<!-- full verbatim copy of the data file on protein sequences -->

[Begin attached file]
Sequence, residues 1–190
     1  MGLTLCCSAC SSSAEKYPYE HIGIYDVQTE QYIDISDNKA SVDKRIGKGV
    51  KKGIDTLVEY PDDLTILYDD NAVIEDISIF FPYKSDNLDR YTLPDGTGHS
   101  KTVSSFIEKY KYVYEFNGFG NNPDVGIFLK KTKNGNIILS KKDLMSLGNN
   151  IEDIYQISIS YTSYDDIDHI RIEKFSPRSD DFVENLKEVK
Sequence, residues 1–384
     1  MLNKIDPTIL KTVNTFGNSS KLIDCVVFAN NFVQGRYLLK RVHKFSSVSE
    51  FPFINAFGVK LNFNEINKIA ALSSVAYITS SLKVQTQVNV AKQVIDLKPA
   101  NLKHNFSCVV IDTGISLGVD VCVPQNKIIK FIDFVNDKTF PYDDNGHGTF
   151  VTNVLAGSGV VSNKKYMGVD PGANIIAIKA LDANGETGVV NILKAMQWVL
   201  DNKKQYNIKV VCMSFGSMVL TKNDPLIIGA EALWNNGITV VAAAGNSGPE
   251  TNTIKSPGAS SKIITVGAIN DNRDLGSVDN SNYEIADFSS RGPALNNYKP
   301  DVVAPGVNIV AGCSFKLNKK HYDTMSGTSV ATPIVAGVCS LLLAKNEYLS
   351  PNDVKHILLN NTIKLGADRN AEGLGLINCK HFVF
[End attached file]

Sequence, residues 1–190
     1  MGLTLCCSAC SSSAEKYPYE HIGIYDVQTE QYIDISDNKA SVDKRIGKGV
    51  KKGIDTLVEY PDDLTILYDD NAVIEDISIF FPYKSDNLDR YTLPDGTGHS
   101  KTVSSFIEKY KYVYEFNGFG NNPDVGIFLK KTKNGNIILS KKDLMSLGNN
   151  IEDIYQISIS YTSYDDIDHI RIEKFSPRSD DFVENLKEVK
Sequence, residues 1–384
     1  MLNKIDPTIL KTVNTFGNSS KLIDCVVFAN NFVQGRYLLK RVHKFSSVSE
    51  FPFINAFGVK LNFNEINKIA ALSSVAYITS SLKVQTQVNV AKQVIDLKPA
   101  NLKHNFSCVV IDTGISLGVD VCVPQNKIIK FIDFVNDKTF PYDDNGHGTF
   151  VTNVLAGSGV VSNKKYMGVD PGANIIAIKA LDANGETGVV NILKAMQWVL
   201  DNKKQYNIKV VCMSFGSMVL TKNDPLIIGA EALWNNGITV VAAAGNSGPE
   251  TNTIKSPGAS SKIITVGAIN DNRDLGSVDN SNYEIADFSS RGPALNNYKP
   301  DVVAPGVNIV AGCSFKLNKK HYDTMSGTSV ATPIVAGVCS LLLAKNEYLS
   351  PNDVKHILLN NTIKLGADRN AEGLGLINCK HFVF